The M in MRP stands for "Maximum", which means the sellers can discount prices, but not exceed them. However, Indian retailers in general are quite particular about sticking to the MRP. Are online discounts a major factor driving the growth of the web retail industry?
There are very few products available on discount in our website — that too, mainly on accessories for discontinued gadgets. Generally, we do not believe in offering discounts, because we don't see price as a differentiator on our website. We don't want a model where customers choose us because we are the cheapest. We want them to choose us for our product quality, variety, ease of use, customer experience, and after-sales service.
How then do you plan to compete with other e-tailers who offer discounts?
Today, every website that offers any kind of discount is bleeding; they aren't making any profits and are selling at a loss. We do not want to do that.
But aren't online shops supposed to have lower initial costs and operating overheads, as opposed to brick-and-mortar shops?
That is all rubbish, according to me. Even though there isn't much of a cost involved in setting up an online store, there is definitely a cost involved in providing a service — be it COD, technical infrastructure, logistics, or human resources.
Fair enough. You also distribute Capdase products. What happens when other websites start giving discounts on them?
The products that are distributed by us through our sister concern, Nissan Electronics, are sold only to those retailers who don't market it at a discount. We want the market to be fair for everyone. That's why, if you visit online retailers such as Flipkart.com, you will see that these products do not sell at a discount. Consider the example of Sennheiser; with the exception of clearance items, its products are not available for discounts either online or in physical shops. Even the brand's own official website sells everything at MRP.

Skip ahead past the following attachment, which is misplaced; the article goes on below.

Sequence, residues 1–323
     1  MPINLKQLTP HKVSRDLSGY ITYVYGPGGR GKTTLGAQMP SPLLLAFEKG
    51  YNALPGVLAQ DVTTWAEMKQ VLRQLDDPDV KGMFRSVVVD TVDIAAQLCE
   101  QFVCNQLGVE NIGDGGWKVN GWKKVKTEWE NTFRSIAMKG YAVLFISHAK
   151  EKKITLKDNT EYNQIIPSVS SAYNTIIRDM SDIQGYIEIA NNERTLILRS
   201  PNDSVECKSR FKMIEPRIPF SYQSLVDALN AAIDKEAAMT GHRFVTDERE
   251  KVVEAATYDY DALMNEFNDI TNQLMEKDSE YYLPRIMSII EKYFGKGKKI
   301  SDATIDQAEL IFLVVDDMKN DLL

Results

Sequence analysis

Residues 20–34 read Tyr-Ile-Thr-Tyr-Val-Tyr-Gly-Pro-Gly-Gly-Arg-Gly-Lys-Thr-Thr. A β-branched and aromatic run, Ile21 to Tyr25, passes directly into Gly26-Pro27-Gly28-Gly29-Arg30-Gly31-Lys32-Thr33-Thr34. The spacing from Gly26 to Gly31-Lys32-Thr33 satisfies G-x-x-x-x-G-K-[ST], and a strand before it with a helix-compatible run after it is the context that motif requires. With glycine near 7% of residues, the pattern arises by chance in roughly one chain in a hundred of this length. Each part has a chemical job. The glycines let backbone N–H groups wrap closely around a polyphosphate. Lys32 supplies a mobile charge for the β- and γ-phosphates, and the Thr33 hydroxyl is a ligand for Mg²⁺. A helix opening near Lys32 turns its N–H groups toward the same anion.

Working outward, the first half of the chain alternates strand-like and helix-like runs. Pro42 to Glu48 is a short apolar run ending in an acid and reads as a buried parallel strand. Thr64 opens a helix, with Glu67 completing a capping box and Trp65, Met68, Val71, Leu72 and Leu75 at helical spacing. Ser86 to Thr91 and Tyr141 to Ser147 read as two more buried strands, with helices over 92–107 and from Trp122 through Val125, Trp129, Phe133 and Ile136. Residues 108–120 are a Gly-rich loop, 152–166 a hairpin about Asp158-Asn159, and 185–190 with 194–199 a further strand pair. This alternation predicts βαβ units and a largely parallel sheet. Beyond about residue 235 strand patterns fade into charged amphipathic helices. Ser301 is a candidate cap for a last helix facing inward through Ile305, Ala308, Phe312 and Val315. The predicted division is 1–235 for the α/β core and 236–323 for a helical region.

How do you have the leverage to dictate terms to sellers? What if they start giving discounts?
Every retailer or online store that we deal with is told that if they are caught selling any of our products at a discount, we will stop supplying to them. We maintain a very strict policy for the brands that we distribute. Even for brands that we don't, we try to ensure that there's fairness in the market as far as pricing is concerned. If there's a product that's sold at 30% discount, we try to stay away from the brand.
That doesn't sound too good for consumers, though. Now, it's being said that the cost of acquiring a customer for online retail is too high, and this business model isn't sustainable.
I would agree that cost of acquiring a customer is extremely high today. But on the other hand, I would also say that while acquiring is one thing, what matters is how long you are able to hold on to him, which depends on the level of service and customer satisfaction you provide. This is important, because the customer has to shop at your website at least three times to break even the cost of acquisition.
This is the economics, but my point is that e-commerce websites have been spending a small fortune in marketing. Is this really sustainable? Do you think this online boom is a bubble?
I don't think it's a bubble, and that it can definitely be sustained. However, I believe the numbers are going wrong in terms of valuation. The way properties such as Flipkart.com and Jabong.com are being valued is unrealistically high. I think the valuations should be grounded in reality. They should be based on factors such as what exactly the company's doing, its customer acquisition cost, rate of repeat buyers, customer base, etc. Having said that, I believe the industry is certainly poised for growth. It's just that the companies are being valued at ridiculous rates. The industry is also moving towards niche websites, because the ones that sell everything under the sun are far too many, and the space is too crowded. I see websites selling specialised products rising to prominence in the near future.
How do you see the online space five years from now? Will e-shops have overshadowed physical stores?
I don't think online stores will ever overshadow brick-and-mortar shops, because the experience that the customer gets in both mediums is completely different. The experience of shopping in a mall with your family can never be replaced by online shopping, no matter how good the UI or service is. Both these mediums will co-exist. In my experience, the online industry will continue to grow at this rate. 95% of physical retail is still unorganised. In the future, the share of organised retail will really explode, thanks to Foreign Direct Investment (FDI). As soon as 50% FDI in the retail sector is allowed by the government, you can expect organised retail to expand.
That's a whole other controversy. Anyway, what kind of gadgets do you personally use?
I use an iPhone 4 and have a 13" MacBook Pro as well. I'll soon be upgrading to the iPhone 5 as and when it launches. This monsoon season, I'm using the water-resistant Griffin Survivor case to protect my iPhone. I'm also planning to buy an iPad soon.